Visiting My Papers at Yale

Two summers ago I was in New England again, attending a literary conference at The University of Rhode Island, and then doing readings up and down the East Coast for my newest book. Since my rented car would take me right past New Haven, I decided to stop into the Beinecke Rare Book and Manuscript Library at Yale University to look at my papers.

At my age, one begins thinking about collecting what one has carelessly left lying around for decades: at summer cottages, in notebooks, presented to old boyfriends, in hard drives all over the world. I know there are stories, reviews, essays, and poems, out there somewhere. I thought maybe someday someone would say, Hey Felice, what about a Collected Poetry? I’d only published two books of poems, The Deformity Lover, and Window Elegies, a chapbook. Another hundred had appeared in print since then, the last being “His Diagnosis” about my friend, Robert Ferro. After that, poetry was no longer possible for me. But there were earlier poems, many I’d left unfinished, hanging. They were inside spiral metal notebooks with chartreuse covers, and those notebooks were at Yale.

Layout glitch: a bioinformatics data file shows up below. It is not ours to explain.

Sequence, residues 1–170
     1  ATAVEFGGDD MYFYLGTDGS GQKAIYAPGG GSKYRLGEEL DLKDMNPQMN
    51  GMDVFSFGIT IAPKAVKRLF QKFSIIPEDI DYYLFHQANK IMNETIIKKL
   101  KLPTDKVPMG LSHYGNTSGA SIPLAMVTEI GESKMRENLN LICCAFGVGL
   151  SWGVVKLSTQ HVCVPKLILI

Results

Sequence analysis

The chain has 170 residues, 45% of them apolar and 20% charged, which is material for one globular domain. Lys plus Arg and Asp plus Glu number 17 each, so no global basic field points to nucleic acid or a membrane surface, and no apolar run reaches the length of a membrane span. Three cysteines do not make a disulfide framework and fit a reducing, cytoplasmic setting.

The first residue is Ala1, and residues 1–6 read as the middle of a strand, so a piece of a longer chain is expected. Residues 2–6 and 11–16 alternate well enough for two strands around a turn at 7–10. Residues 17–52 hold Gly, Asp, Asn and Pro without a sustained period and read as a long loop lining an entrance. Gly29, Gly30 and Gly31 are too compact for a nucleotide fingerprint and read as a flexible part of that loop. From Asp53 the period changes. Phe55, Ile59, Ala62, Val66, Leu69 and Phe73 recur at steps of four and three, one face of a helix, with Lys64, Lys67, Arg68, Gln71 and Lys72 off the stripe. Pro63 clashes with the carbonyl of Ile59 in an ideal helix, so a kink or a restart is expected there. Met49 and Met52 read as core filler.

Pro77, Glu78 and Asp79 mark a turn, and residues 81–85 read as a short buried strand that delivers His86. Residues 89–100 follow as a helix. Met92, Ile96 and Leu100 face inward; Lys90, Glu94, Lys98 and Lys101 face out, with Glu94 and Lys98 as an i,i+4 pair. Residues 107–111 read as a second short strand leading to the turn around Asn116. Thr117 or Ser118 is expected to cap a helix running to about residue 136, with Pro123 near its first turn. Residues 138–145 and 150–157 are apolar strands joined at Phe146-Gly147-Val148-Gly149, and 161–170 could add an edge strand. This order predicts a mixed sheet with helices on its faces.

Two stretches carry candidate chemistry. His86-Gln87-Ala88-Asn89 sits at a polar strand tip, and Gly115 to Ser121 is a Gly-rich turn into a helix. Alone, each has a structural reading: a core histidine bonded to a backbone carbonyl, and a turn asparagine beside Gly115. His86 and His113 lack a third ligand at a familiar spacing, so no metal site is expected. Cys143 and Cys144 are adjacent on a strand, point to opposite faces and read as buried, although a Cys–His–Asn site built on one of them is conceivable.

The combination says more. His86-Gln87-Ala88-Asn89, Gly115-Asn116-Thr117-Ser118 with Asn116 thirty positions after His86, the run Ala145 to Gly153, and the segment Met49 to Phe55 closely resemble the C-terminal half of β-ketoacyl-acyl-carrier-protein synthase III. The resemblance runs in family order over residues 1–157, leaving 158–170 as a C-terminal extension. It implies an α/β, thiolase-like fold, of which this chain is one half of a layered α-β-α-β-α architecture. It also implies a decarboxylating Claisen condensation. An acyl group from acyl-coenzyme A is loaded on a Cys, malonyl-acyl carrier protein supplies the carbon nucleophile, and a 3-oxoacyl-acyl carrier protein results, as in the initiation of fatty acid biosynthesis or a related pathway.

Just to clarify, I didn’t go to Yale; my papers went there. I was barely sixteen when I graduated high school. My folks made it clear I wasn’t going away anywhere and in fact that I was staying home and working for my father. Unknown to them, my college counselor had applied me to The City University of New York, and I’d gotten past the rigorous requirements and into Queens College, a free school; I’d even gotten a small scholarship. So that’s where I went. I moved to Alphabet City among immigrants and cockroaches, junkies and thieves, and I went to college taking two trains and a bus each way.

 However thanks to scholars George Stambolian, Jonathan Katz and John Boswell, The Beinecke Rare Book and Manuscript Library, which collects American Writing Groups like the Transcendentalists and Gertrude Stein’s Paris circle, collected the works of the Violet Quill Club, the writing group being honored tonight.